Speak Up, Molly Lou Melon
Written by Patty Lovell
Illustrated by David Catrow
40 pages • Published 2020 (G.P. Putnam’s Sons Books for Young Readers)
Recommended Age Range: Preschool through 2nd grade.
Publisher's Summary: Molly Lou Melon’s mother taught her to use her big voice for good–to speak up for what’s right, for those who can’t, and even when it’s hard. So she does. When school starts and a bully begins teasing everyone, including a new student, Molly Lou knows just what to do. From standing up for a friend to admitting when you’ve made a mistake, Molly Lou shows us how speaking up is always the right choice.
Dr. Annie's Takeaways
Recommended for: This book celebrates speaking up for what a child feels is right–whether that be taking accountability, standing up to bullying, or inviting a new kid to play. Molly Lou Melon is “a tiny little girl with a big deep-down heart,” and she will likely inspire children to be brave like she is. This story is a lovely way to talk with children about when it might be difficult for them to speak up and what might happen if they do.
Would a child like it? Many children, perhaps especially girls, will love Molly Lou Melon. She is spunky, brave, and speaks her mind.
Tone: Energizing, bright
Story Quality: Molly Lou Melon is a really great character, and there are a lot of fun details about her that are included in the illustrations (e.g., her inventive spirit and menagerie of animal friends). She is brave, makes mistakes, takes responsibility, cleans up her messes, and stands up for her friends. This book could easily have veered into being pedantic and heavy-handed, but somehow it feels fun and engaging and not-at-all patronizing.
Illustrations: Quirky, cheerful drawings that have a bit of a Dr. Seuss vibe to them.
Representation: Molly Lou Melon is a little girl with light brown skin and a big afro of curly black hair. Her mother is referenced in the text but not pictured. Molly Lou Melon has two friends who are both White–Ronald Durkin and Gertie. Gertie uses forearm crutches that are celebrated in the illustrations and text (e.g., “Ronald stepped forward and so did Gertie, waving her crutch”). The trio adds a fourth friend, Garvin Grape, who is a small, nerdy Black boy with an interest in the laws of gravity. There is a bully who is a White girl named Bettina Bonklehead (she teases Molly Lou and her friend Ronald about being boyfriend and girlfriend and makes fun of Garvin’s interests).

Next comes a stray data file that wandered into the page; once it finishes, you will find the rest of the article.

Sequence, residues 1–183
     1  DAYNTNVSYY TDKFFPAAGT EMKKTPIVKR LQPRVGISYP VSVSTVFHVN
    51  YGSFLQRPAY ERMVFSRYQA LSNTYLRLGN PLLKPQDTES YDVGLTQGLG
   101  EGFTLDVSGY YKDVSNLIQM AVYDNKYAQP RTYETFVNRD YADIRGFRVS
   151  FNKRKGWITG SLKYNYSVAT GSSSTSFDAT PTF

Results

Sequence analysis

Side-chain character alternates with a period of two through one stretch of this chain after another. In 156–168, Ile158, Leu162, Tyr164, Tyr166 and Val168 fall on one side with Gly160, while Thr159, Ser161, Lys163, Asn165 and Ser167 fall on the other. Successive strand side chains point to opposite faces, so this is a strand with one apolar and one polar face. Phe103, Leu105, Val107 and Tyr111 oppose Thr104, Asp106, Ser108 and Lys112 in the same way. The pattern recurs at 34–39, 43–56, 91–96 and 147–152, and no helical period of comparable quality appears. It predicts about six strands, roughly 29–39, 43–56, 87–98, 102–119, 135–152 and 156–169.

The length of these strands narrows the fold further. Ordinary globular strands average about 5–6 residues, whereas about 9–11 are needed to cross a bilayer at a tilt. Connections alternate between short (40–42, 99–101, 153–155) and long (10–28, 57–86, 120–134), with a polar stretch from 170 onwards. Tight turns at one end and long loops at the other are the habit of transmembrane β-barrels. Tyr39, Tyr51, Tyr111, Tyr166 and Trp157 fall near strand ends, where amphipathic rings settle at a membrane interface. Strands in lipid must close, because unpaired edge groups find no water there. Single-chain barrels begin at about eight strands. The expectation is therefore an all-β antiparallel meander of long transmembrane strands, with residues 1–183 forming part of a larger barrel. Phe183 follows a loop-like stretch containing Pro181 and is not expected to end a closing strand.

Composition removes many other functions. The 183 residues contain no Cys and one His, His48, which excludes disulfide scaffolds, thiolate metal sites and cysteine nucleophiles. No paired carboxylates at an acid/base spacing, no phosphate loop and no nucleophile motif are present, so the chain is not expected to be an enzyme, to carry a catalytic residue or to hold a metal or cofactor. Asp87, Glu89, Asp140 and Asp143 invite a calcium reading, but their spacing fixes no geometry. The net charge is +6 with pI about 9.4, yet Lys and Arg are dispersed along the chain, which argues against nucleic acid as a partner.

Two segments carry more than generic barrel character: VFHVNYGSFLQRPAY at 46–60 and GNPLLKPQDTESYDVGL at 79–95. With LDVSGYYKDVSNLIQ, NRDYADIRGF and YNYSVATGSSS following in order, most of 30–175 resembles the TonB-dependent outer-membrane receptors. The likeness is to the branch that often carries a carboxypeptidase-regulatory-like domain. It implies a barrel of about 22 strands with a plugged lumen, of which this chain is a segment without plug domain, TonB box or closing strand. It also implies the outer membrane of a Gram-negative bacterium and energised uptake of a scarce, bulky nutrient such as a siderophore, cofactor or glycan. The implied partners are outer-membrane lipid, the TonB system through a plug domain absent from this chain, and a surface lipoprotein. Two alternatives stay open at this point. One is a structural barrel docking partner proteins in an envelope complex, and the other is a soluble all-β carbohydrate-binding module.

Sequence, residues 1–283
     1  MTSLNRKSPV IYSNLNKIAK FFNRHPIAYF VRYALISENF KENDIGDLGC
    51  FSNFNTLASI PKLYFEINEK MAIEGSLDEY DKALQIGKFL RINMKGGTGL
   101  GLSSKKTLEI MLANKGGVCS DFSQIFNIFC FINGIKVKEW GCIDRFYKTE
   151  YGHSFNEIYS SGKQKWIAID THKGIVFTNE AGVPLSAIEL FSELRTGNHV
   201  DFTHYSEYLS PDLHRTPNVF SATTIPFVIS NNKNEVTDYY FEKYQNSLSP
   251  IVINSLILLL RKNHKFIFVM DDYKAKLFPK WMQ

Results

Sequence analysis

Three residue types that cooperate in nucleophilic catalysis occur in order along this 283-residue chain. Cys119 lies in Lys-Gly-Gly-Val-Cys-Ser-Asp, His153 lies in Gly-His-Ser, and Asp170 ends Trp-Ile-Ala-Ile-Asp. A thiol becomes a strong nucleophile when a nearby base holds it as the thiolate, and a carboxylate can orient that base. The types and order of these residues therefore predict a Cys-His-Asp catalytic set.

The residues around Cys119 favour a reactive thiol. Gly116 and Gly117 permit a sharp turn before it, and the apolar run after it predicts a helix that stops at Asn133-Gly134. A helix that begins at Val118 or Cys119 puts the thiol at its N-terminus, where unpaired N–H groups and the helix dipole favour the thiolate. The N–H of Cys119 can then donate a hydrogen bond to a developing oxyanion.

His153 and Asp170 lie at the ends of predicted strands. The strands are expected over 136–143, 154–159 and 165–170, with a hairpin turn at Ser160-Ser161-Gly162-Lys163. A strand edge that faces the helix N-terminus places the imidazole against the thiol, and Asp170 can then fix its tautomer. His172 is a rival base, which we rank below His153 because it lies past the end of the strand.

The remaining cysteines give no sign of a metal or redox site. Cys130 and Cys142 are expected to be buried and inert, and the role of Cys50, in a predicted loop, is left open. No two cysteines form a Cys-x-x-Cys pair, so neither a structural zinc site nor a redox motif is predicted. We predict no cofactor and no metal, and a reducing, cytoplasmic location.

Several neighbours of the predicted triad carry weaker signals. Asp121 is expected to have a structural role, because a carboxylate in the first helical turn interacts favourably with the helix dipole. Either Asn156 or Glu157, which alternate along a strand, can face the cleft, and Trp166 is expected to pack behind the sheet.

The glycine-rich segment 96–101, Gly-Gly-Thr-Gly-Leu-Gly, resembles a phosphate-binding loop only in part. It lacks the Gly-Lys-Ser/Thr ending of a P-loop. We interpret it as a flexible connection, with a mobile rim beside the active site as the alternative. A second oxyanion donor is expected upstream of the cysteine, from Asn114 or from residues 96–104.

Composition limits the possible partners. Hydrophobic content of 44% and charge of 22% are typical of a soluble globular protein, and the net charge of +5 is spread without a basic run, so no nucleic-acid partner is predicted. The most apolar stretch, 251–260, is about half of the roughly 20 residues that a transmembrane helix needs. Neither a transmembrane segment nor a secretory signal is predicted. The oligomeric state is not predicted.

Psychological Practices: This story celebrates Molly Lou Melon’s bravery and integrity when speaking up for what is right, and it shows how positive the consequences of speaking up can be. Molly Lou Melon speaks up when she makes a mistake and gracefully accepts the consequences, she stands up to the bully Bettina when she teases her, she reaches out to the new kid Garvin and invites him to join her friends at recess, and she tells Bettina that “you must never do anything like that again to my friend” after Bettina trips him.
Concerns: Some of Molly Lou Melon’s methods of speaking up are more likely to be effective than others. For example, sometimes when kids tease, it’s more effective to ignore the teasing or brush it off rather than object or react. Molly Lou’s confidence might make this work for her, but sometimes this kind of reaction can make teasing worse. When talking with a child about this kind of self-advocacy, I would encourage a child to practice speaking up in a calm, confident voice. An additional concern: there’s an illustration of Molly Lou getting up in Bettina’s face in an aggressive manner while she tells Bettina to never trip her friend again. I would never encourage a child to react like this, no matter the situation, as it could quickly escalate into an unsafe situation.
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